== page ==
Abigail Bengson and Shaun Bengson, the husband-and-wife duo known as The Bengsons, star in the ravishing new rock musical Hundred Days, a world premiere at Z Space. Below: The complete Hundred Days company (from left): Amy Lizardo, Melissa Kaitlyn Carter, El Beh, Kate Kilbane, Abigail Bengson, Geneva Harrison, Shaun Bengson, Joshua Pollock, Dalane Mason, Reggie White. Photos by James Faerron

In those moments, when the music and voices are soaring, the drums are pounding, the feet are stomping and the hands are clapping, there’s no better place to be than sitting in Z Space fully immersed in the glorious new rock musical Hundred Days.

A creation by The Bengsons, the musical duo comprising spouses Abigail Bengson and Shaun Bengson, Hundred Days is an unconventional musical that is so much more than it seems. Director Anne Kauffman and book writer Kate E. Ryan have taken everything glorious about The Bengsons – including the passion, the humor, the warmth, the soul-stirring music – and helped craft a canny show about what it is to live and to love in the truest, most wholehearted sense.

Hundred Daysbegins as a casual affair. The cavernous Z Space theater looks like it’s set up for a rock concert. The great wall of windows, which is usually covered by heavy drapes to make it seem less industrial and more theatrical, is fully exposed, so headlights of passing cars are visible throughout the two-hour show. The 11 members of the ensemble, musicians and singers, ambles out, and The Bengsons take their places in front, music stand in front of them to help guide their way into the show.

If this musical ended up being like GrooveLily’s Striking 12, an excellent storytelling rock concert musical, that would not be a bad thing. The Bengsons begin telling their story of a young couple, Sarah and Will, who meet at a party, quickly fall in love and just as quickly get married. The bulk of Act 1 is telling their romantic tale punctuated by rousing songs that have the foot-stomping, feel-good-folk vibe that has made groups like Mumford and Sons, The Lumineers and Edward Sharpe and the Magnetic Zeros so beloved. A concert/play by The Bengsons and company would be more than worth attending.

Hundred Days 2

But this is where the clever construction of the show factors in. Once Sarah and Will’s story is established, life throws them a big curveball. Will is diagnosed with a terminal diseases and has, at best, 100 days left. So this young couple throws the curveball a curveball by making a bold choice. They will live the rest of their lives, fully and eventfully, in those 100 days even if it means they have to shut out the rest of the world and kick their willing suspension of disbelief into high gear to do it.

By Act 2, we’re in a totally different show. Even Kris Stone’s seemingly non-set set has revealed some surprises (including a stunning “sands in the hourglass” effect), and the storytelling is shared by actor/singers Reggie D. White and Amy Lizardo, who play Sarah and Will alongside The Bengsons. This is the only place where the show falters, and it has nothing to do with White or Lizardo, who both make strong impressions. It’s just that The Bengsons make such a strong connection that it’s hard to relinquish any of their storytelling time to anyone else. The other Sarah and Will execute the gentle, emotionally driven choreography by Joe Goode, they sing well, and they enact the willful fast forward of the young couple’s marriage. But then a song like “Three Legged Dog” comes along in which Abigail Bengson rips the show to shreds with her searing vocal performance – part Alanis Morissette, part tribal warrior, part Edith Piaf – and it’s hard to track anyone else within the story.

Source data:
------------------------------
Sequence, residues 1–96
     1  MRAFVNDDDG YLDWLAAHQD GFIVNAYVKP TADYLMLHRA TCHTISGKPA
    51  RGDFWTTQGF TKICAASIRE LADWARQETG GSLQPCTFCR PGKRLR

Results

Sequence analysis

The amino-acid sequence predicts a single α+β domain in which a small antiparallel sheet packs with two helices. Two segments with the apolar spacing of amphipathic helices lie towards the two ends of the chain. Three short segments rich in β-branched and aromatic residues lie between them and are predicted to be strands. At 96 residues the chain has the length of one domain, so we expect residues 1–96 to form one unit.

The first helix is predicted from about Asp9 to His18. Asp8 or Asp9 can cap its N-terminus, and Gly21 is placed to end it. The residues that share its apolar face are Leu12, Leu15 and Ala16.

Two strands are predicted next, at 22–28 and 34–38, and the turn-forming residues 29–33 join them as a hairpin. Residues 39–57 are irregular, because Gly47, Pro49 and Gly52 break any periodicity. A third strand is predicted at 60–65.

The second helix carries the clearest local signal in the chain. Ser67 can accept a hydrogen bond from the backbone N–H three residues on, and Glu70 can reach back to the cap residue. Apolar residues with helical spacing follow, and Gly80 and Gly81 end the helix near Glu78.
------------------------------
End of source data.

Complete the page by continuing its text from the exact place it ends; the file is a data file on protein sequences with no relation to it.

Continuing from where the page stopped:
It seems that part of the reason for the shadow actors is to keep an emotional remove as a way to banish sentimentality in the telling of a sad story. But the show and the score are sturdy enough to withstand any amount of sentimentality, which is primarily wrought here through the raw emotion of the Begnsons’ songs, which are so powerfully performed by their composers and by the entire company.

There’s some DNA from other unconventional musicals here – Passing Strange, Spring Awakening, Hedwig and the Angry Inch, Once – but Hundred Days feels like such an authentic piece of The Bengsons that comparisons ultimately fail to convey just how vital Abigail and Shaun are to this beguiling enterprise. Sure, other people could do it, but it’s hard to imagine a connection – to the material, to the ensemble, to the audience – as strong as theirs.

Hundred Days is a glorious creation encompassing joy, grief and transcendence, sometimes within the space of a single song. The show should go on to have a long, vibrant life because, in the words of the show, it’s a “pin in the map” experience.

[bonus video]
Please enjoy The Bengsons and company performing the song “Hundred Days.” I am a universe indeed.

Hundred Days continues an extended run through April 13 at Z Space, 450 Florida St., San Francisco. Tickets are $10-$100. Call 866-811-4111 or visit